A well-researched, engagingly written, though incomplete portrait of a fascinating, complex figure.

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THE BOY WHO BECAME BUFFALO BILL

GROWING UP BILLY CODY IN BLEEDING KANSAS

Warren explores how the man who became the most famous entertainer of his time and a legend of the "Wild West" grew up amid a violent regional conflict that would soon tear apart the nation.

William Cody was 8 when his family moved to the Kansas Territory in 1854, soon to be plunged into a bloody conflict between anti-slavery and pro-slavery factions. When his father died from complications of a savage attack after delivering an abolitionist speech, 11-year-old Billy supported his family herding cattle, working on wagon trains, and riding for the Pony Express. Seeking revenge, he joined the Jayhawkers, guerrilla irregulars fighting pro-slavery militant groups. He enlisted in the Union Army during the Civil War and later worked as a scout during the Indian Wars. Providing contextualizing information along the way, Warren chronicles all these colorful adventures in lively prose but, perhaps due to her focus on his early years, gives short shrift to Cody's contradictions. He earned his nickname for single-handedly slaughtering thousands of bison yet feared their extinction and spoke out against hide-hunting; that selfsame slaughter was part of a U.S. government campaign to destroy Plains Indian culture, yet Cody hated how the Indians were treated—both of these are largely unexplored. The volume is liberally illustrated with archival material, and extensive backmatter supplements the narrative.

A well-researched, engagingly written, though incomplete portrait of a fascinating, complex figure. (notes, bibliography, index) (Biography. 10-14)

Pub Date: Nov. 3, 2015

ISBN: 978-1-4778-2718-5

Page Count: 246

Publisher: Two Lions

Review Posted Online: Aug. 31, 2015

Kirkus Reviews Issue: Sept. 15, 2015

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Sympathetic in tone, optimistic in outlook, not heavily earnest: nothing to be afraid of.

SCARED STIFF

50 PHOBIAS THAT FREAK US OUT

Part browsing item, part therapy for the afflicted, this catalog of irrational terrors offers a little help along with a lot of pop psychology and culture.

The book opens with a clinical psychologist’s foreword and closes with a chapter of personal and professional coping strategies. In between, Latta’s alphabetically arranged encyclopedia introduces a range of panic-inducers from buttons (“koumpounophobia”) and being out of cellphone contact (“nomophobia”) to more widespread fears of heights (“acrophobia”), clowns (“coulroiphobia”) and various animals. There’s also the generalized “social anxiety disorder”—which has no medical name but is “just its own bad self.” As most phobias have obscure origins (generally in childhood), similar physical symptoms and the same approaches to treatment, the descriptive passages tend toward monotony. To counter that, the author chucks in references aplenty to celebrity sufferers, annotated lists of relevant books and (mostly horror) movies, side notes on “joke phobias” and other topics. At each entry’s end, she contributes a box of “Scare Quotes” such as a passage from Coraline for the aforementioned fear of buttons.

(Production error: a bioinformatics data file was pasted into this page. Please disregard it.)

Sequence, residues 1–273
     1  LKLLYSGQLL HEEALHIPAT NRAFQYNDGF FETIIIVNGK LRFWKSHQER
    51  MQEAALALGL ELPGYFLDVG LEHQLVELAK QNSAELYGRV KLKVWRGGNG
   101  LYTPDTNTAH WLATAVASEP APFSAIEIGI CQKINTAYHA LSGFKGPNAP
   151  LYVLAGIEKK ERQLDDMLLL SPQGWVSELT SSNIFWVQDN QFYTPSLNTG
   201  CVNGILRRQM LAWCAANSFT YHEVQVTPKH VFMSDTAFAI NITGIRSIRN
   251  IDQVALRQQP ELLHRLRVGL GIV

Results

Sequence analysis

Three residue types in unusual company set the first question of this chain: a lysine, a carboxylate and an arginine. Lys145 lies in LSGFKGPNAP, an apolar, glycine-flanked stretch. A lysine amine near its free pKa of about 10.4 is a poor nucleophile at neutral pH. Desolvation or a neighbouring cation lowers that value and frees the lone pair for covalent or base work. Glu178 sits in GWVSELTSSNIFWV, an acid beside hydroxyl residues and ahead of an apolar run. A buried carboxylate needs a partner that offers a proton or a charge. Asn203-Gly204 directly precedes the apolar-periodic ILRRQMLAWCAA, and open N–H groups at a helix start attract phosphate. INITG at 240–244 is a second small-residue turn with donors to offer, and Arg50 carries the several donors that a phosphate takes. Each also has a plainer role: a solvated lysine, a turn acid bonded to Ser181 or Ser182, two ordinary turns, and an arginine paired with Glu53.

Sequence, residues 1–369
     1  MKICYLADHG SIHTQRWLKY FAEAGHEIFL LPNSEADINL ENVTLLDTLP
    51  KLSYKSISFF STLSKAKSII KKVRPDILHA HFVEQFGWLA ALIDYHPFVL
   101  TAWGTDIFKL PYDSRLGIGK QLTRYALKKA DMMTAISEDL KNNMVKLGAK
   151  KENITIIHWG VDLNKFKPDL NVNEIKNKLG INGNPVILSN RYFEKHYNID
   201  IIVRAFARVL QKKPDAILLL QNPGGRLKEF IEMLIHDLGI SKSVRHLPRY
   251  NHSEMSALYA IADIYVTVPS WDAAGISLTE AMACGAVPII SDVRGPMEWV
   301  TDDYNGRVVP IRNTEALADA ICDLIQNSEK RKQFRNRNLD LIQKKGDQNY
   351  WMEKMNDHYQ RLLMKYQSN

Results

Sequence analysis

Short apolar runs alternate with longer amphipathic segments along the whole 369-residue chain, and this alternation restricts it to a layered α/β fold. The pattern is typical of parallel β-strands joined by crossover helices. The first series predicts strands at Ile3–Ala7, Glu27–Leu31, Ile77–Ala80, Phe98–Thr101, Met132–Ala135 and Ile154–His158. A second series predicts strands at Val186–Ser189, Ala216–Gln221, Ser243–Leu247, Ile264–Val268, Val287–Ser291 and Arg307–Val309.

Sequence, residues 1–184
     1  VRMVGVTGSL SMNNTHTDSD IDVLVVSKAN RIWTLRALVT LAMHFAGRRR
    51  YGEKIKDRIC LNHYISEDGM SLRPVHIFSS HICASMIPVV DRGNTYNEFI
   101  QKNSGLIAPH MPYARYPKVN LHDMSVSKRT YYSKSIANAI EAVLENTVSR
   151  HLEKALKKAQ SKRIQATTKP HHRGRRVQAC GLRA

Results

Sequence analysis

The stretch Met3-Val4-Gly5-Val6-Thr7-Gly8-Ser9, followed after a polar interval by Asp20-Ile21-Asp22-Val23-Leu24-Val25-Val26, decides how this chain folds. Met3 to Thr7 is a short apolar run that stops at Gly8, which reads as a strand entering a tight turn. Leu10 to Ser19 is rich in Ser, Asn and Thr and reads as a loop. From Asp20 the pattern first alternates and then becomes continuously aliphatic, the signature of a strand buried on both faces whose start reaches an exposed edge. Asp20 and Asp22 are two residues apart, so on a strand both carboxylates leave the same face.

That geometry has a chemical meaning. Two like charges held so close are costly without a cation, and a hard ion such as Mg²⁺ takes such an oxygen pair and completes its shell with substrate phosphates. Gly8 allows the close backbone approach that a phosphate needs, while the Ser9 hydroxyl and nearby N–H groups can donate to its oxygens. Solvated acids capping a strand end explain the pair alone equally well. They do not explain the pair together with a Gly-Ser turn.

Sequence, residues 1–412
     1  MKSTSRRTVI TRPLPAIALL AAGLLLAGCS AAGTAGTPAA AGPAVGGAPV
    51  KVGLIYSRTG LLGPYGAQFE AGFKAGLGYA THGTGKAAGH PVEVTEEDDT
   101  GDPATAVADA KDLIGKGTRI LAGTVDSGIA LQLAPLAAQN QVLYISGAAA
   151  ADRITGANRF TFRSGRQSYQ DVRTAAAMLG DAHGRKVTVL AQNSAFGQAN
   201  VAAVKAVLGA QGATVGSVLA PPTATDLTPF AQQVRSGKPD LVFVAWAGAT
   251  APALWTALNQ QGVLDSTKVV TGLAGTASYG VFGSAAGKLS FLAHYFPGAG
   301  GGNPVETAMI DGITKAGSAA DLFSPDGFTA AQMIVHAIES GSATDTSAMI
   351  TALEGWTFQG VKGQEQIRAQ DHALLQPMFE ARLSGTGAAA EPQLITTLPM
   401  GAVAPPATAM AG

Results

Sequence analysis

Sympathetic in tone, optimistic in outlook, not heavily earnest: nothing to be afraid of. (end notes, resource list) (Nonfiction. 11-14)

Pub Date: Feb. 4, 2014

ISBN: 978-1-936976-49-2

Page Count: 224

Publisher: Zest Books

Review Posted Online: Nov. 13, 2013

Kirkus Reviews Issue: Dec. 1, 2013

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A loud, cynical cash grab—far from amazing.

THE AMAZING BOOK IS NOT ON FIRE

THE WORLD OF DAN AND PHIL

A couple more YouTube stars write a book.

Howell, who goes by "danisnotonfire," and "AmazingPhil" Lester are the latest YouTube stars hoping to cross over to the world of books. Instead of crafting a memoir or adapting their videos into a fictional series, the duo have filled these 225 pages with bold graphics, scatological humor, and quirky how tos that may entice their fan base but will leave everyone else out in the cold. It contains a wide variety of nonsense, ranging from Phil's chat logs to information on breeding hamsters. There's an emoji-only interview and some Dan/Phil fanfiction (by Howell rather than a fan) and even a full double-page spread of the pair's unsuccessful selfies. All this miscellany is shoveled in without much rhyme or reason following introductory pages that clearly introduce the pair as children, leaving readers who aren't in on the joke completely out of the loop. The authors make no attempt to bring in those on the outside, but in all honesty, why should they? The only people buying this book are kids who already love everything Dan and Phil do or clueless relatives in desperate search of a gift for the awkward teens in their lives. The book's biggest fault is its apparent laziness. It feels like something slapped together over a weekend, with no heart or soul.   

A loud, cynical cash grab—far from amazing. (Nonfiction. 12-16)

Pub Date: Oct. 13, 2015

ISBN: 978-1-101-93984-0

Page Count: 224

Publisher: Random House

Review Posted Online: Oct. 30, 2015

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